China has set a new record around the dispute over control of Taiwan, the self-governing island it has claimed as its own territory since 1949. After announcing on Monday the end of the “Joint Sword” military maneuvers, which have lasted three days and have been developed in the maritime and air environment of this territory, Taipei It claims to have detected 91 Chinese military aircraft and 12 ships around its autonomous territory on Tuesday in a span of 12 hours. At least 54 Chinese aircraft crossed the median line of the Taiwan Strait and entered the Taiwan Air Defense Identification Zone (ADIZ). Many of those planes took off from the Chinese aircraft carrier Shandong, according to Taiwan’s Ministry of National Defense (MND).
The Taiwanese Defense assured that the detected planes are a Chengdu J-10 and Shenyang J-11. They were also detected J-15 fighter jets operating from the aircraft carrier Shandong as well as J-16 multi-role fighters and Su-30 fighter, the electronic strike derivative J-16D of the Flanker Chinese-made, as well as H-6 Bombers, capable of carrying nuclear weapons. Unusually, the Chinese authorities have published a very detailed breakdown of the types of activities their Armed Forces carried out in these maneuvers. Thus, for example, it has been known that H-6 bombers they were armed with real missiles and that they have worked together with warships to “form a situation of multi-directional blockade spanning the island“. Experts estimate that this is a possible strategy in a hypothetical scenario of armed conflict over Taiwan based on an air and sea blockade with the aim of suffocating the island.
In addition to PLA aircraft and warships, the latest series of military exercises also has tested the missile forces of the Asian giant. On Sunday, the Chinese military said it carried out simulated precision strikes against Taiwan. A video released by the Eastern Theater Command shows an animation of simulated missile attacks fired from land, sea and air into Taiwan, with two of the projectiles exploding on impact with their targets.
From Taipei, the Defense Ministry noted that in response to this large incursion it was decided to send its own planes to monitor the Chinese air mission and radio warnings were issued; in addition Taiwan mobilized combat air and naval patrols and deployed defense missile systems to track Chinese military aircraft.
On at least one occasion during these three days of maneuvers, the Chinese and Taiwanese warships came close to each other, as evidenced by the images published by both countries. A report from the Reuters agency, citing an unidentified source familiar with the security situation in the region, said that the PLA carried out simulated attacks with planes and warships against “foreign military targets” in the waters off the southwest coast of Taiwan.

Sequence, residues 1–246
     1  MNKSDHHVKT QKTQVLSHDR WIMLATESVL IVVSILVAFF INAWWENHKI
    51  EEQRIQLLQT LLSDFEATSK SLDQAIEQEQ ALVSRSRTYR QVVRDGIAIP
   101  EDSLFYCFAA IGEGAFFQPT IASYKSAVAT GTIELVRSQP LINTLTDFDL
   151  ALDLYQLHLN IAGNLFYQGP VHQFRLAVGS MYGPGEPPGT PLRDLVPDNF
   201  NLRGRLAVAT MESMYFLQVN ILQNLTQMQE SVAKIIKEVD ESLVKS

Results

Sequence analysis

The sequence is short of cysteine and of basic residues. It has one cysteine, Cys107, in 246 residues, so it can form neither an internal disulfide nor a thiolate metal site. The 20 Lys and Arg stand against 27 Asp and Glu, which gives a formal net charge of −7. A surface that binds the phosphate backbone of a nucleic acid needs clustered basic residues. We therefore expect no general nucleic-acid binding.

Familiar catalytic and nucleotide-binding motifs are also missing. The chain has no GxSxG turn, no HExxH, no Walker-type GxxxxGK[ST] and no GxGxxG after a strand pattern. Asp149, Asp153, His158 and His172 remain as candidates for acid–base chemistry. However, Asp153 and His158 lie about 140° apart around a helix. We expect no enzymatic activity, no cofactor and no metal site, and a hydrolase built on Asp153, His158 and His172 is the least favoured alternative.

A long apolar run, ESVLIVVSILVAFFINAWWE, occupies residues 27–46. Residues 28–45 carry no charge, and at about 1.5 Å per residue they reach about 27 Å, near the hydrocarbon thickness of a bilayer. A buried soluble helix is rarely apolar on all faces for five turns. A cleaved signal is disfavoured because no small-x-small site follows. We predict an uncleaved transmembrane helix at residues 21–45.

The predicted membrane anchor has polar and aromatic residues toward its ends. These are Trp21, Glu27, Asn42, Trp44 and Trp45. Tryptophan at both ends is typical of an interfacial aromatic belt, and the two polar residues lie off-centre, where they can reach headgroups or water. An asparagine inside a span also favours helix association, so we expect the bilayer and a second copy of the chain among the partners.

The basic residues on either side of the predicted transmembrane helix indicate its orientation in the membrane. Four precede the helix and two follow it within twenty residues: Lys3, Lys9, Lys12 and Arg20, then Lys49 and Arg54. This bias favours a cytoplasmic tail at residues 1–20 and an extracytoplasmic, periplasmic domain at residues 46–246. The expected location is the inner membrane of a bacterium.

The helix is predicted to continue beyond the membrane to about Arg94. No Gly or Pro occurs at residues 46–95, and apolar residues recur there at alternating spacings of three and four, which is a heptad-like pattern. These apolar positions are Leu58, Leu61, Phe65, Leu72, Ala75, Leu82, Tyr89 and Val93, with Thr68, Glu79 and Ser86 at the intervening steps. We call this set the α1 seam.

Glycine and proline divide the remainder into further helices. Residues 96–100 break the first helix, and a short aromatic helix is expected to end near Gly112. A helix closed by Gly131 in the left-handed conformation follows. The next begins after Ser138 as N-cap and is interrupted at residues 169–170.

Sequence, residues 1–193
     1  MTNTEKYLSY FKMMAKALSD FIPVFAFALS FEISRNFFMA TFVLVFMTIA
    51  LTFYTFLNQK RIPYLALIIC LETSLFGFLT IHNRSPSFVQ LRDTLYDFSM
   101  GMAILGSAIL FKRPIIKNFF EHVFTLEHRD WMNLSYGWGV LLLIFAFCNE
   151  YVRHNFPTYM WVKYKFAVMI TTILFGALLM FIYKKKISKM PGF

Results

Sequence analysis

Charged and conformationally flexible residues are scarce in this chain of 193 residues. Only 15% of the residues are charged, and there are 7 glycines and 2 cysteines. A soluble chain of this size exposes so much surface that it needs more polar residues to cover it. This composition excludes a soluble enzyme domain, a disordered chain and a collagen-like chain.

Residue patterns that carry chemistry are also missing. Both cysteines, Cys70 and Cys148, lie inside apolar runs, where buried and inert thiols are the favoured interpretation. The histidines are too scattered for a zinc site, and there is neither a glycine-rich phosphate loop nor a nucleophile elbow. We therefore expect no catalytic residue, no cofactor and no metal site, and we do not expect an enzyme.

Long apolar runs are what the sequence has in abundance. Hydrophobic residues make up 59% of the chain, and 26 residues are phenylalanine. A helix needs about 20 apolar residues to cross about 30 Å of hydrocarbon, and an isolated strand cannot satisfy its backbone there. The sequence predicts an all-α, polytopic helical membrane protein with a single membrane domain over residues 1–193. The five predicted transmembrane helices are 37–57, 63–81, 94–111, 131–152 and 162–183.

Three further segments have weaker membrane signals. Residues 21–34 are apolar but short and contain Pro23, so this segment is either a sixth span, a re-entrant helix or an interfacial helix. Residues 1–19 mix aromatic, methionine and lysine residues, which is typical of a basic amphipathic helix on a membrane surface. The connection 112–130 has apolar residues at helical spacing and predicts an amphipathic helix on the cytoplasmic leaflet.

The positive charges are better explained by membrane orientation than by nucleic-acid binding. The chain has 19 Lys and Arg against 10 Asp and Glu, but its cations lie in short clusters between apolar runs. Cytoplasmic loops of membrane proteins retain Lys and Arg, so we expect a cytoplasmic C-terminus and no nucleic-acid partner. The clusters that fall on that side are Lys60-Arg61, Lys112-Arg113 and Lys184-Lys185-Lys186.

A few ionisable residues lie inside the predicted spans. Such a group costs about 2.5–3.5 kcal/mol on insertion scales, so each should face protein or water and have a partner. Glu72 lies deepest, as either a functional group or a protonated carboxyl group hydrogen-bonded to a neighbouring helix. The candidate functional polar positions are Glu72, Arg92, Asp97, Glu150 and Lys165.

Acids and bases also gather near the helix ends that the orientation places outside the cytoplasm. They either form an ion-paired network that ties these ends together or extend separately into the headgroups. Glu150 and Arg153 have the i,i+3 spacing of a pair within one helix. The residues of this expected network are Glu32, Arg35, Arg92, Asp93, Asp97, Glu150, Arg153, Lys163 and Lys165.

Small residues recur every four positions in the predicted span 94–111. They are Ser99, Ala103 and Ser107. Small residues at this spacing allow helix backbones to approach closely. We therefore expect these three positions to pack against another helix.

The Chinese People’s Liberation Army (PLA) launched three days of military exercises in Taiwan on Saturday, a day after Taiwanese President Tsai Ing-wen returned from a 10-day trip abroad that included a meeting with Taiwanese President US House of Representatives Kevin McCarthy in California.
These maneuvers have not only served to establish a island lockdown but also to practice precision attacks against Taiwan in the eyes of the international community and, especially, of the United States, which apart from sending a destroyer to the area and selling weapons to Taiwan, limits itself to watching the advance of the Chinese army and the Beijing’s territorial aspirations whenever a senior US official maintains diplomatic relations with members of the Taiwanese government.
The spokesman for the PLA Eastern Theater Command, Shi Yi, had announced on Monday that the “joint cruise and patrol special operation” in the Taiwan Strait had reached a “successful conclusion”. Taiwan is not buying this, and its Defense Ministry said it remains vigilant and will closely monitor the movements of Chinese ships and planes despite the end of the exercises.
China has never ruled out using force to bring Taiwan under its control in the future, and has carried out increasingly complex large-scale military exercises in the Taiwan Strait and around the island in recent years.
What is ADIZ?
Taiwan’s ADIZ border line covers not only the entire Taiwan Strait but also parts of mainland China. The central dividing line serves as the de facto boundary between Taiwan and the mainland. While crossing the median line in itself is not an uncommon occurrence, the scale of such activity by the PLA has increased considerably in recent times.